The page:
Modulation of Dendritic Cells Function by H. polygyrus Products
Dendritic cells (DCs) are crucial antigen-presenting cells that can drastically change the development of an immune response by polarising T helper cells toward a Th1 or a Th2 phenotype. Heligmosomoides polygyrus, a murine model of human helminth, has been shown to strongly down-regulate its host immune response. At the DC level, its excretory/secretory products (HES) modulate the cytokine response and co-stimulatory marker expression to bacterial stimulation in favour of an antiinflammatory environment. A regulatory T cell-inducing TGF[beta]-like activity was also discovered in HES. In this work, we further characterised the immunomodulatory properties of HES and heat-inactivated HES both in vitro, using LPS-pulsed GM-CSF-grown bone marrowderived DCs, and in in vivo adoptive transfer of HES-, bacterial extract- or co-pulsed DCs. To determine if the TGF[beta], C-type lectin receptors (CLRs) or toll-like receptors (TLRs) were implicated in this immunomodulation, we treated DCs with blocking antibodies, chemical kinase inhibitors and grew DCs from knockout mice. These studies revealed that HES immunomodulation of DCs was independent of the TGF[beta] receptor, the two CLRs, Dectin-1 and 2, as well as any TLR. Spleen tyrosine kinase (Syk), which is crucial for the signalling of many CLRs, and phosphoinositide 3- kinase seemed not to be needed as well. In an attempt to reduce the number of potential immunomodulators in HES, HES size fractions were tested for their ability to reduce LPS-induced inflammatory cytokine production of DCs. The activity was limited to few fractions, fraction 14 being the most potent. Finally, physical interactions between DCs and biotinylated HES were measured by flow cytometry and revealed that CD24, a molecule required for HES interactions with B cells, was implicated, but not crucial. HES binding to CD24-/- DCs was reduced, but the LPS-induced cytokines and co-stimulatory markers levels were still down-regulated upon HES co-treatment.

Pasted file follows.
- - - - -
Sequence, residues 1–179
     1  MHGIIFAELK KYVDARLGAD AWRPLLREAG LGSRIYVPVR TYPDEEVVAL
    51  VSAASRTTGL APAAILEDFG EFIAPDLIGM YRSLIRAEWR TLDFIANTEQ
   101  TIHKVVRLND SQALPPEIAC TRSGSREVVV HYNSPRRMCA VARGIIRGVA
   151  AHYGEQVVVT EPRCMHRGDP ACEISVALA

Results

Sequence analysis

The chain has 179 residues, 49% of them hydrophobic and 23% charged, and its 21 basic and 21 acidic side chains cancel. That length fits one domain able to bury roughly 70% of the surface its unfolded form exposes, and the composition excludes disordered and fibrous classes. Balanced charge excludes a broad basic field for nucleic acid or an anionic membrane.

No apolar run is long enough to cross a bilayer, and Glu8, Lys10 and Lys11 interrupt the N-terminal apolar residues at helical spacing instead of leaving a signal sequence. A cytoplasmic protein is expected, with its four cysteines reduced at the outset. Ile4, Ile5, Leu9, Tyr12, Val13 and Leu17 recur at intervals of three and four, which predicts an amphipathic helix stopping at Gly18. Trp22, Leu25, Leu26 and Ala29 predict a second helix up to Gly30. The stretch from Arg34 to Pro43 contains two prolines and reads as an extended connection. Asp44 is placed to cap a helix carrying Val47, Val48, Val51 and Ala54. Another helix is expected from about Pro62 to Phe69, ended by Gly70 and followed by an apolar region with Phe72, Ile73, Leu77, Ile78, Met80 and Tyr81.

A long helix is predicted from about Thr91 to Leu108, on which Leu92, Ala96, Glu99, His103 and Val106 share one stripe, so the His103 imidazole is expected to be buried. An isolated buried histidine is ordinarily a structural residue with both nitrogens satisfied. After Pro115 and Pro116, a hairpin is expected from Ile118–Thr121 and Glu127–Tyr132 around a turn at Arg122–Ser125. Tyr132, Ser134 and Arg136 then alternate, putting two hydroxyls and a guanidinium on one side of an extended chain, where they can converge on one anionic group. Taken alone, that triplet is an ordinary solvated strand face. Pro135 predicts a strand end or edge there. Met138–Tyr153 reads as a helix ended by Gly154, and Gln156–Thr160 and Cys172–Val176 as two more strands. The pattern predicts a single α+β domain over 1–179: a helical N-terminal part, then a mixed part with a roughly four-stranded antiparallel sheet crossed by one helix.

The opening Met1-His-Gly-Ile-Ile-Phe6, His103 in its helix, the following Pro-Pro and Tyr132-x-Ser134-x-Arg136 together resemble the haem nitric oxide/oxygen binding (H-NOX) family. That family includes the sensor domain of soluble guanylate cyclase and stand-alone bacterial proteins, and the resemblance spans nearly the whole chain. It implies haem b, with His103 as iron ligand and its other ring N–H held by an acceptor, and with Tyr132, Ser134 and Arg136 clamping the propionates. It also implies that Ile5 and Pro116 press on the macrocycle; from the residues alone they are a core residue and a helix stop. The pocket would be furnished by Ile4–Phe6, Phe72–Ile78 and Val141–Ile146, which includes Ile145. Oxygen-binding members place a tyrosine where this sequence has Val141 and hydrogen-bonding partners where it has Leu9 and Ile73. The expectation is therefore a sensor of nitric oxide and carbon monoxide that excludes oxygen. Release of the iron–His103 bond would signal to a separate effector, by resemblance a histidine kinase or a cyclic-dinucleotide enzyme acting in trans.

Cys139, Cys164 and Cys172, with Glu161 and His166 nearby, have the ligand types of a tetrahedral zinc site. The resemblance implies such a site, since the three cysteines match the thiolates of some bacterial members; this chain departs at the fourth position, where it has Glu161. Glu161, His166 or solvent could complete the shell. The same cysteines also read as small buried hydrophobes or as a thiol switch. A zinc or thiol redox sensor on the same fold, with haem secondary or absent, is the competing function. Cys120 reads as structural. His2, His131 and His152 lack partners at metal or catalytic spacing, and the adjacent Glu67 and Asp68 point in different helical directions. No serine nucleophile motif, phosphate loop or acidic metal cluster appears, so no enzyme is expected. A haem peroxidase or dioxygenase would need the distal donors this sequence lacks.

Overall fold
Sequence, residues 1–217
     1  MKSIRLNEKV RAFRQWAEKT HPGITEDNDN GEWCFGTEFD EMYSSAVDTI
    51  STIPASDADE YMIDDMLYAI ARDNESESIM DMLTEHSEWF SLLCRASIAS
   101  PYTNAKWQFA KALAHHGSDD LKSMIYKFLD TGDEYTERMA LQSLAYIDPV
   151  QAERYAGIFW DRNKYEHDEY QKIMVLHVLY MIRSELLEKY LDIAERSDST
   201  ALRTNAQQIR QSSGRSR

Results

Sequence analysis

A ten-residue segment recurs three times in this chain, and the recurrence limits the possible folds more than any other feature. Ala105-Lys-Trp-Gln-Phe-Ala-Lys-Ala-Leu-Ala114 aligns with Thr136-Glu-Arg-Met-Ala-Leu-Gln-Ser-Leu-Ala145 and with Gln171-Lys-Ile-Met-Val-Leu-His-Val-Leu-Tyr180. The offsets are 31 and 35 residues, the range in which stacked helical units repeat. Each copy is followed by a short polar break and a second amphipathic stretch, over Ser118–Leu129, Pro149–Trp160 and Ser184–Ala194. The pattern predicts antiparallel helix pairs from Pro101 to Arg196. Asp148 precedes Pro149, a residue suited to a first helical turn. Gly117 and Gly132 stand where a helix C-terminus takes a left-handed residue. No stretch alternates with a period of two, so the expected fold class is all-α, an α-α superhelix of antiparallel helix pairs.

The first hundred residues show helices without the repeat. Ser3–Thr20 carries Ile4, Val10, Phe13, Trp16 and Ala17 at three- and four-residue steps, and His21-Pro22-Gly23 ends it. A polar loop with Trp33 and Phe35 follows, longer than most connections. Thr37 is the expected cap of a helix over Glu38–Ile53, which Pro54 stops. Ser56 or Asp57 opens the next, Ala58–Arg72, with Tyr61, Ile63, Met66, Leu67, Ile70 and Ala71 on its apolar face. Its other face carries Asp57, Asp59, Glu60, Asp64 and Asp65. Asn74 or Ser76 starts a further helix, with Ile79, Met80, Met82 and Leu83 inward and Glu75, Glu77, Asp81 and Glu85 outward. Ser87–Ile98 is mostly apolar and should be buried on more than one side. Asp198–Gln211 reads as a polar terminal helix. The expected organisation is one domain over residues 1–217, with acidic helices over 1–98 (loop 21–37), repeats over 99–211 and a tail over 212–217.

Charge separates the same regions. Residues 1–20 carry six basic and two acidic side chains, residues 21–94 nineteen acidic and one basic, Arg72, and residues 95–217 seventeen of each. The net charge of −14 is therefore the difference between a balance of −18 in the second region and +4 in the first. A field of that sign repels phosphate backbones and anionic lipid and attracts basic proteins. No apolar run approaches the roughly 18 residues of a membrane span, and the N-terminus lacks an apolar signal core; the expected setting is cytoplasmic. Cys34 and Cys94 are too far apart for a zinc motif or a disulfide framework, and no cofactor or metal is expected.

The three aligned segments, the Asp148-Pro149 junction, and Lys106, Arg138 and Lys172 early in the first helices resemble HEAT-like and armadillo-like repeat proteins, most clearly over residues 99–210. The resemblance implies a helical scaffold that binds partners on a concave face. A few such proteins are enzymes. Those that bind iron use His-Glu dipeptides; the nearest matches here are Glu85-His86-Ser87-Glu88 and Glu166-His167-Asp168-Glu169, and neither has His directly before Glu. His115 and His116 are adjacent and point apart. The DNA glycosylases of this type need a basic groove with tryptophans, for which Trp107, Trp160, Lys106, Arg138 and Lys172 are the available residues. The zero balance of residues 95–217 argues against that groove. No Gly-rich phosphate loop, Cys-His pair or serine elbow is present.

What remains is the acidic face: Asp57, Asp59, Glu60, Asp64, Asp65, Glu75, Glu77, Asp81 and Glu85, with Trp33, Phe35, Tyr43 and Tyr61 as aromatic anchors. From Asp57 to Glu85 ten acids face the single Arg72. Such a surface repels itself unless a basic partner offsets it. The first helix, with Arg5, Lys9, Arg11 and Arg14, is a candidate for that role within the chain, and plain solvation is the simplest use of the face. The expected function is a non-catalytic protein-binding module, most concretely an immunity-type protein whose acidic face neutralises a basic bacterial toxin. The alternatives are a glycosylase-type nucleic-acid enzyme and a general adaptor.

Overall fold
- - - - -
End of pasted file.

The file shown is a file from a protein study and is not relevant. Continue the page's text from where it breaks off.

Global Health Institute, EPFL. - Carried out in Rick Maizels’ laboratory at the Institute of Infection and Immunology Research, University of Edinburgh, under the supervision of Rick Maizels
Record created on 2012-01-04, modified on 2016-08-09